An update from the First High-Level Meeting of the Global Partnership for Effective Development Cooperation
Erik Solheim is the kind of development professional who would be most inclined to argue for the important role of media in development.
The chair of the Development Assistance Committee of the OECD, he hails from Norway, one of the world’s leading countries in press freedom and good governance. Since Solheim took the helm of the DAC, the OECD has taken an important initiative on this topic, hosting an important work stream about the role of media in development and accountability.
But as one of the leading voices here at a meeting of more than 1500 development ministers and practitioners, Solheim worried that he had seen media doing more harm than good to developing countries. In his role trying to resolve conflicts in Sri Lanka, Burundi, Nepal, Myanmar, and Sudan, he said he had too often seen media trying to whip up political disputes, exaggerate ethnic differences, and fan the flames of war.
Solheim’s misgivings about role of media represent a major challenge to the media development community, and this conundrum was on full display here as donors and partner countries met to discuss global priorities and approaches to development. While almost everyone—Solheim included—agrees that an independent and professional media is an essential ingredient to successful and sustainable development, no one was ready to go to the mat and argue that media development should be an explicit priority for the Global Partnership.
To overcome these misgivings, the media community will need not only to counter the hostility of countries like China and Russia, but also build a stronger case for the “value added” of media development. We need more examples of countries that manage to reform their media sectors, and create trustworthy, credible media that informs the public and holds governments accountable.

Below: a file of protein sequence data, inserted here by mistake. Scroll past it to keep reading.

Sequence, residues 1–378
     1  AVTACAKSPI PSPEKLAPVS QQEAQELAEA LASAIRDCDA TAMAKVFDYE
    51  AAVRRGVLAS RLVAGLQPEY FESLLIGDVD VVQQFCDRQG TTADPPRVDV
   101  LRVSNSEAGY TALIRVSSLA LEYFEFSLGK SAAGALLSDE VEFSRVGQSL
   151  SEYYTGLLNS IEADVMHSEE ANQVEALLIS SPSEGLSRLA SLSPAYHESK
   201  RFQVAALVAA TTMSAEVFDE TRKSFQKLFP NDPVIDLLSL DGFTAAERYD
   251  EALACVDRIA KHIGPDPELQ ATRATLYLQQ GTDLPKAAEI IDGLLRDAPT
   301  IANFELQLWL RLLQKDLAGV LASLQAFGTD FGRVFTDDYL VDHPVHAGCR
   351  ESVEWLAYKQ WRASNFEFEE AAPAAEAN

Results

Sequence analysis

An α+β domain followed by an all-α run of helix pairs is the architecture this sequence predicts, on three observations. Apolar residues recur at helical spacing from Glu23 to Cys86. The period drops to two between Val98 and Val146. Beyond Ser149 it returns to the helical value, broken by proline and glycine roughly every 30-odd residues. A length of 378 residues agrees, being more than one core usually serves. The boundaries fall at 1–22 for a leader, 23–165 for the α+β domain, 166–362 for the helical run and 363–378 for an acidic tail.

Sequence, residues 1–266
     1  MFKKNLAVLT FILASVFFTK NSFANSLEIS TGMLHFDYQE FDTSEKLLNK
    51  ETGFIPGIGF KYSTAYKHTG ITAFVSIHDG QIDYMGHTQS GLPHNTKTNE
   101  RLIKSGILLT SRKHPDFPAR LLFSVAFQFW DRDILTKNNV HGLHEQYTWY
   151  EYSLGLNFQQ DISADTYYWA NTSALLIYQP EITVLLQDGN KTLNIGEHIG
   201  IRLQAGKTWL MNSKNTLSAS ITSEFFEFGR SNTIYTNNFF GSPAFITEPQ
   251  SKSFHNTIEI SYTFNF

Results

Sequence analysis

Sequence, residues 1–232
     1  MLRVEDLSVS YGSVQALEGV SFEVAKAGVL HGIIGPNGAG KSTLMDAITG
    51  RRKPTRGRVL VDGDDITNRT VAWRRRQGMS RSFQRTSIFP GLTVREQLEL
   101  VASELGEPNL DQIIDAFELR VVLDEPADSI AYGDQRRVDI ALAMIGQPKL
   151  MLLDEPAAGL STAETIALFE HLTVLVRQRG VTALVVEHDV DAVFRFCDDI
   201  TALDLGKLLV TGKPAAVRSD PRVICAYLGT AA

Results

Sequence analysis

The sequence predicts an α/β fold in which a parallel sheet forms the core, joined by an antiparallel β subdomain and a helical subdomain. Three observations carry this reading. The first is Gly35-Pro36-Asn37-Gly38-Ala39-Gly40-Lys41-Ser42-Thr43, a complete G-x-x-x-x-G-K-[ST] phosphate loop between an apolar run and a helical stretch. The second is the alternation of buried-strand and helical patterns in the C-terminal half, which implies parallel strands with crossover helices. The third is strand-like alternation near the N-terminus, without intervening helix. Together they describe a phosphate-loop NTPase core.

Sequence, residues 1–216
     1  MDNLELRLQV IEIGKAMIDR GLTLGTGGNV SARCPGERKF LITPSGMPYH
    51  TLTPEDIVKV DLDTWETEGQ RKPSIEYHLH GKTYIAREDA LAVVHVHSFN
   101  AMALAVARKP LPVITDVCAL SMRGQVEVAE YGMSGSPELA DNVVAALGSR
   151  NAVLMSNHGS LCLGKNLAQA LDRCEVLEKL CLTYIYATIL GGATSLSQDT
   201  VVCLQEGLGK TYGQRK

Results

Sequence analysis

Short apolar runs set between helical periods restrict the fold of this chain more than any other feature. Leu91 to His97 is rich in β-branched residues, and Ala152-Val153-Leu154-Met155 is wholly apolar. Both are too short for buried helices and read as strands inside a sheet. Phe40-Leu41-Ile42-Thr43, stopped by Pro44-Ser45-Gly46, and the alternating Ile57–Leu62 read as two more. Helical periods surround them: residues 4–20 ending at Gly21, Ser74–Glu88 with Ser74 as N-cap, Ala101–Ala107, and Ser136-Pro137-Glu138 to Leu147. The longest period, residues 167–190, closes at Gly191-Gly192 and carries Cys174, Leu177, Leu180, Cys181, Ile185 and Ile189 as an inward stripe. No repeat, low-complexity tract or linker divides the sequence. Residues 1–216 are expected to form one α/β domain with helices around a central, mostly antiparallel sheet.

The toughest part of this challenge is that we are living in a world where the media is under growing economic and political pressures, and the enabling environment for independent media is deteriorating. At a special so-called focus sessions on media organized by BBC Media Action, CIMA and the Global Forum for Media Development, each of the panelists expressed worries about media in developing countries that was controlled either by governments or other partisan interests and that make the media a less effective institution of good governance. This situation is creating a growing perception that media is not supporting development, not helping countries reach consensus, nor offering a forum for constructive debates about how people can tackle development problems.
To tackle these negative outcomes in the media sector, media development needs to be more carefully integrated within the overall development agenda. Media sector analysis needs to be part of the overall diagnostic processes that set country level development objectives, and public sector reforms need to focus more carefully on the enabling environment that creates an effective and professional media.
But while almost everyone agrees that a professional, independent media sector is a critical goal that would improve the prospects for sustainable development, the meeting here in Mexico City is further proof that that the bad apples are making the whole cart look unappetizing. As we look forward to the post-2015 agenda, a United Nations process that aims to replace the Millennium Development Goals with a new set of targets, we need to strengthen our arguments for integrating media into the core of development.
For more on this issue, read my previous post, Improving development assistance: Can it be done without the media?